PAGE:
Advanced Search
MyIDEAS: Login to save this paper or follow this series

Decentralization of Health and Education in Developing Countries: A Quality-Adjusted Review of the Empirical Literature

Contents:

Author Info

  • Anila Channa
  • Jean-Paul Faguet

Abstract

We review empirical evidence on the ability of decentralization to enhance preference matching and technical efficiency in the provision of health and education in developing countries. Many influential surveys have found that the empirical evidence of decentralization's effects on service delivery is weak, incomplete and often contradictory. Our own unweighted reading of the literature concurs. But when we organize the evidence first by substantive theme, and then - crucially - by empirical quality and the credibility of its identification strategy, clear patterns emerge. Higher quality evidence indicates that decentralization increases technical efficiency across a variety of public services, from student test scores to infant mortality rates. Decentralization also improves preference matching in education, and can do so in health under certain conditions, although there is less evidence for both. We discuss individual studies in some detail. Weighting by quality is especially important when evidence informs policy-making. Firmer conclusions will require an increased focus on research design, and a deeper examination into the prerequisites and mechanisms of successful reforms.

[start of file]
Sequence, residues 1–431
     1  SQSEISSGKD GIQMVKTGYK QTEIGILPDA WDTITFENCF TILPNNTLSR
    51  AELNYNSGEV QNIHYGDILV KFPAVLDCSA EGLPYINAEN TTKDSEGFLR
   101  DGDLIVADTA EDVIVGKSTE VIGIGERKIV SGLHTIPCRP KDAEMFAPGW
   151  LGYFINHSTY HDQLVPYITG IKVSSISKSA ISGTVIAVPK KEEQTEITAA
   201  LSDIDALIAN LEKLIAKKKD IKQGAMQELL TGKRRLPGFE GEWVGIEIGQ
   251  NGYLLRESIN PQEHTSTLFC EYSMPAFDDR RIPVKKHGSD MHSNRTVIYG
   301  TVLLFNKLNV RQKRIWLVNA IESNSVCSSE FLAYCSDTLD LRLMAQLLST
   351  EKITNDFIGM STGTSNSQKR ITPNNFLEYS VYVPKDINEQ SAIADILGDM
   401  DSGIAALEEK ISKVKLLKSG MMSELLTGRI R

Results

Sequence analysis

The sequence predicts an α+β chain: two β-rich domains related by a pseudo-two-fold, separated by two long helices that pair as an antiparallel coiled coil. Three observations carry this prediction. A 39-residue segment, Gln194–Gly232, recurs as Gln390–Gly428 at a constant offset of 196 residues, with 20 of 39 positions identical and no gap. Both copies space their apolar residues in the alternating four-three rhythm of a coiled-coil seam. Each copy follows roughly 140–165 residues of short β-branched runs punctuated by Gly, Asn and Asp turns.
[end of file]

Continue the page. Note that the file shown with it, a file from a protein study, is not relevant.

Download Info

If you experience problems downloading a file, check if you have the proper application to view it first. In case of further problems read the IDEAS help page. Note that these files are not on the IDEAS site. Please be patient as the files may be large.